Choppers hover above Cairo on 7th day of protests

Muslim Brotherhood says movement wants to form c'tee of opposition groups with ElBaradei; soldiers, tanks, police patrol Egyptian capital.

Egypt tanks 311 AP (photo credit: Associated Press)
Egypt tanks 311 AP
(photo credit: Associated Press)
Egyptian helicopters flew above Tahrir Square in Cairo Monday as anti-government demonstrations and protests continued for the seventh day, CNN reported.
Egyptian soldiers and armored tanks continued their presence on city streets, CNN said and the Al-Jazeera TV network reported that the military presence in downtown Cairo "just keeps getting stricter day by day; there's more roadblocks, more barbed wire, there's more restrictions on who can move about and TV cameras are more restricted."
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In an online audio posting on the network's Twitter feed, Al-Jazeera "has confirmed that regular police are redeploying in the city, they're back on the streets...they were seen at a police station...on the westside of the Nile, southwest of central Cairo."
An Al-Jazeera correspondent said the police were spotted "at a police station where the civilians on the street reportedly were not actually unhappy to see them. They were shaking hands and talking casually, perhaps happily...which might not make immediate sense since these are the people who are blamed for the deadly violence that racked the city just days ago but that's what our crews are seeing."
Garbage collectors also began appearing and subway stations reopened after soldiers and neighborhood watch groups armed with clubs and machetes kept the peace in many districts overnight Sunday.
A leading Muslim Brotherhood official told The Associated Press that the fundamentalist movement wants to form a committee of opposition groups along with Nobel laureate and leading reform advocate Mohammad ElBaradei as a way of uniting the disparate groups calling for the ouster of President Hosni Mubarak.
Saad el-Katatni said that his group has not selected ElBaradei to represent it.
The outlawed Muslim Brotherhood is Egypt's largest opposition movement, and wants to form an Islamist state in the most populous Arab nation.
The police, which before the revolt could be seen on nearly every corner, melted away Friday, giving way to looting and arson. Gangs of thugs have cleared out supermarkets, shopping malls and stores, as well as luxury homes and apartments in affluent residential areas in the suburbs. On Monday, police were beginning to redeploy in many neighborhoods.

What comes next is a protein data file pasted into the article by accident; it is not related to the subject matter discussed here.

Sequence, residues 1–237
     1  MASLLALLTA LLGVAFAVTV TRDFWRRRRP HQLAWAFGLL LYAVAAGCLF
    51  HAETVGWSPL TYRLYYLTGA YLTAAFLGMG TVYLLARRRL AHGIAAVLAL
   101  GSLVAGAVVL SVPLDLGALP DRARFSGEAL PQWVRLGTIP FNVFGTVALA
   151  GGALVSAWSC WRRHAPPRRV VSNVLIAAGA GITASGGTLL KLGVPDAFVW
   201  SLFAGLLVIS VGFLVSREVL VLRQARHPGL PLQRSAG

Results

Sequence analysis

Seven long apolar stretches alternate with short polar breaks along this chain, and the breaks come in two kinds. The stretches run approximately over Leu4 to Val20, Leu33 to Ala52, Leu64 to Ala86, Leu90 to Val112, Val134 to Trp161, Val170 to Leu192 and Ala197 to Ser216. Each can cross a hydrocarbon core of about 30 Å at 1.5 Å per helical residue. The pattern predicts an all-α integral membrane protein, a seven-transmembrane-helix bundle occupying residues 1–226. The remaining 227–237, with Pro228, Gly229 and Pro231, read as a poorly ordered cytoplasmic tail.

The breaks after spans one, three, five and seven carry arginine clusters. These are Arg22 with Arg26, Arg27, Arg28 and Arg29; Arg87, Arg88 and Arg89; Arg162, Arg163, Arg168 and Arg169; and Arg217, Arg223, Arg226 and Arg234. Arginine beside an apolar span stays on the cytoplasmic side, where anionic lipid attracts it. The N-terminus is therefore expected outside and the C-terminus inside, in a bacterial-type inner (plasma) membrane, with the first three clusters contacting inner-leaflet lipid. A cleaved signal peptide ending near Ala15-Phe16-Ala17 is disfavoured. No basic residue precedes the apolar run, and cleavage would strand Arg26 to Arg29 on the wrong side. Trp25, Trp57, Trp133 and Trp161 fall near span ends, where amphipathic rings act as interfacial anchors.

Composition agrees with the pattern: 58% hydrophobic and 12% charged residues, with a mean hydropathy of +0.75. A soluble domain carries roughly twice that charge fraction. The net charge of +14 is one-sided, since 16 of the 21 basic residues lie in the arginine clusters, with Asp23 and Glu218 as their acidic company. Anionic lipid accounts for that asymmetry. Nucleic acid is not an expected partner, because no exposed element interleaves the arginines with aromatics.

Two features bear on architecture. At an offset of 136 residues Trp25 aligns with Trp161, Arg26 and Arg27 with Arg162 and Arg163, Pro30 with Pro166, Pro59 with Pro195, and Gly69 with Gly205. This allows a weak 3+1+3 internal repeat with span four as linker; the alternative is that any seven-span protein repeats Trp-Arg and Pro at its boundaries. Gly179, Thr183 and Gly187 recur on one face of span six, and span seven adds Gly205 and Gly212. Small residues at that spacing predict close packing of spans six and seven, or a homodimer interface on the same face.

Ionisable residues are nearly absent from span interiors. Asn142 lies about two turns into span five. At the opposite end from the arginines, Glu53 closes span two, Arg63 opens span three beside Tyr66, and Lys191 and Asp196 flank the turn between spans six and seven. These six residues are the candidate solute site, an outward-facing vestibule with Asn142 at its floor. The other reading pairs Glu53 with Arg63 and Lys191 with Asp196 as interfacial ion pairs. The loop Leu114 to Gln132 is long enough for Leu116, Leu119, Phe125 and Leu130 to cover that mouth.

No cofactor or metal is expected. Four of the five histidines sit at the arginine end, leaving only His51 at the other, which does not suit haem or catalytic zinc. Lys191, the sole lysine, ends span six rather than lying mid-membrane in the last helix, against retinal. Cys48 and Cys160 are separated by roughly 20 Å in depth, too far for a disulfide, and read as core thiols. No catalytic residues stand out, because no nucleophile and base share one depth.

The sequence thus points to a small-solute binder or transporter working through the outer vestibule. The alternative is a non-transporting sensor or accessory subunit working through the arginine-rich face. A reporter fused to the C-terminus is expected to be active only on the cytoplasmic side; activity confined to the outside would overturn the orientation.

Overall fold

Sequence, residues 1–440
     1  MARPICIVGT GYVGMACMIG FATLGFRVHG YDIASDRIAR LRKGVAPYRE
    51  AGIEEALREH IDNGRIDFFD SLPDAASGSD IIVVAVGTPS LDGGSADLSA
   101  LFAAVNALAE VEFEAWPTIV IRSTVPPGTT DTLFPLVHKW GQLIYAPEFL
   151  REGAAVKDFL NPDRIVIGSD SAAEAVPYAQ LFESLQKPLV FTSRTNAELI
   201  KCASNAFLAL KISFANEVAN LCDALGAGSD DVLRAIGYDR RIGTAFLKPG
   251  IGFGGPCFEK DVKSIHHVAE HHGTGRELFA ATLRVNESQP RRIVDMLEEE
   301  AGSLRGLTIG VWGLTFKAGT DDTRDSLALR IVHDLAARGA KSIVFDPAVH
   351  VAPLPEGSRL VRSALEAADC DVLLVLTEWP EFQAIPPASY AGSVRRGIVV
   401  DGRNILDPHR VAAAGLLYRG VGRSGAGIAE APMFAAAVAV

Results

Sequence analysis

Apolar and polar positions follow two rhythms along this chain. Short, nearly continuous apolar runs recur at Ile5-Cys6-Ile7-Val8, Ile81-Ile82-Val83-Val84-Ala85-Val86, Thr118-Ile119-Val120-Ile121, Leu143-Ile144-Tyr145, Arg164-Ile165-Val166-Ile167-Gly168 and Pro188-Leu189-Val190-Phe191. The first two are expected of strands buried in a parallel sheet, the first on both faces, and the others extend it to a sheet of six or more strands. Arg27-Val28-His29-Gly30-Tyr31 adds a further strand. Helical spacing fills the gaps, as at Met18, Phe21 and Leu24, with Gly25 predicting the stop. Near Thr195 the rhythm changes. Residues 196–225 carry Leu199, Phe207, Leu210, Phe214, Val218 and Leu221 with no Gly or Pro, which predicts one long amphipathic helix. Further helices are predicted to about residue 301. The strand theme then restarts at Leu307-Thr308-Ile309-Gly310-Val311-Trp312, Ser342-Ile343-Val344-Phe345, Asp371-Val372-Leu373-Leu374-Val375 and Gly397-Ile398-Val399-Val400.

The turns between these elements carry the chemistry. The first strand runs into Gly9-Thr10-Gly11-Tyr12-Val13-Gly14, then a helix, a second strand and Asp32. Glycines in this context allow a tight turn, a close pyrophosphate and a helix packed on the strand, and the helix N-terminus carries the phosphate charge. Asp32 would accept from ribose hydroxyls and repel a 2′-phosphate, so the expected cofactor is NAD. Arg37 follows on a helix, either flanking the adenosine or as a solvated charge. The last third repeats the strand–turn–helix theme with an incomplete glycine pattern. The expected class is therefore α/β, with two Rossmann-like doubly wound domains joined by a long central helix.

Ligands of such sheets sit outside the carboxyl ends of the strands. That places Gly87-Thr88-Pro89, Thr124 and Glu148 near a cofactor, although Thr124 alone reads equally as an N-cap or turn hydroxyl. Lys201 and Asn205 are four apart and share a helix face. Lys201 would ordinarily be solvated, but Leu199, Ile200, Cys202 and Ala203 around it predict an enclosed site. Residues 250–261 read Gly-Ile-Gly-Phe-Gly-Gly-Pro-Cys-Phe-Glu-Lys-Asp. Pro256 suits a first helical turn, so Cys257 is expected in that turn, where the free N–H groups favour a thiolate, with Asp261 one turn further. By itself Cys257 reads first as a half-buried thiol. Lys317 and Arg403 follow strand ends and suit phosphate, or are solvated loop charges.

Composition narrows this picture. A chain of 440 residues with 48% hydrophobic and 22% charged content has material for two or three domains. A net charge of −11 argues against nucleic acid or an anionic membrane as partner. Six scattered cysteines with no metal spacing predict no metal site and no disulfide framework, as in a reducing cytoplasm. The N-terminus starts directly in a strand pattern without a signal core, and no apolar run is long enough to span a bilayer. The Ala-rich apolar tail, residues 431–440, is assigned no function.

But in the meantime, young men stepped in to fill the vacuum left by the police, setting up neighborhood defense committees armed with guns, clubs and knives to protect their families and property. Groups of youths also directed traffic in parts of Cairo, chasing away the gangs of criminals smashing passing cars.
Click here for full Jpost coverage of unrest in EgyptClick here for full Jpost coverage of unrest in Egypt
With the protests dragging on and no immediate end in sight, people are scrambling to buy up the basic supplies to wait things out.
At grocery stores across the city, people stocked up on food, water and other supplies Sunday. Stores in the neighborhoods of Zamalek, Mohandiseen and Dokki were running short of many items, especially bread and bottled water. At one store, water was selling for three times the normal rate.
But with banks closed and many ATMs out of cash, some are already feeling a pinch in their pocketbook.
Across the capital, work has all but come to a standstill. Downtown, where the protests are centered, nearly all shopfronts are shuttered and windows either boarded up or painted over. Across the Nile in Dokki, only a smattering of pharmacies, coffee shops and eateries were open for business.
The government cut off access to the Internet across the country early Friday morning. Cell phone service was also suspended in some areas.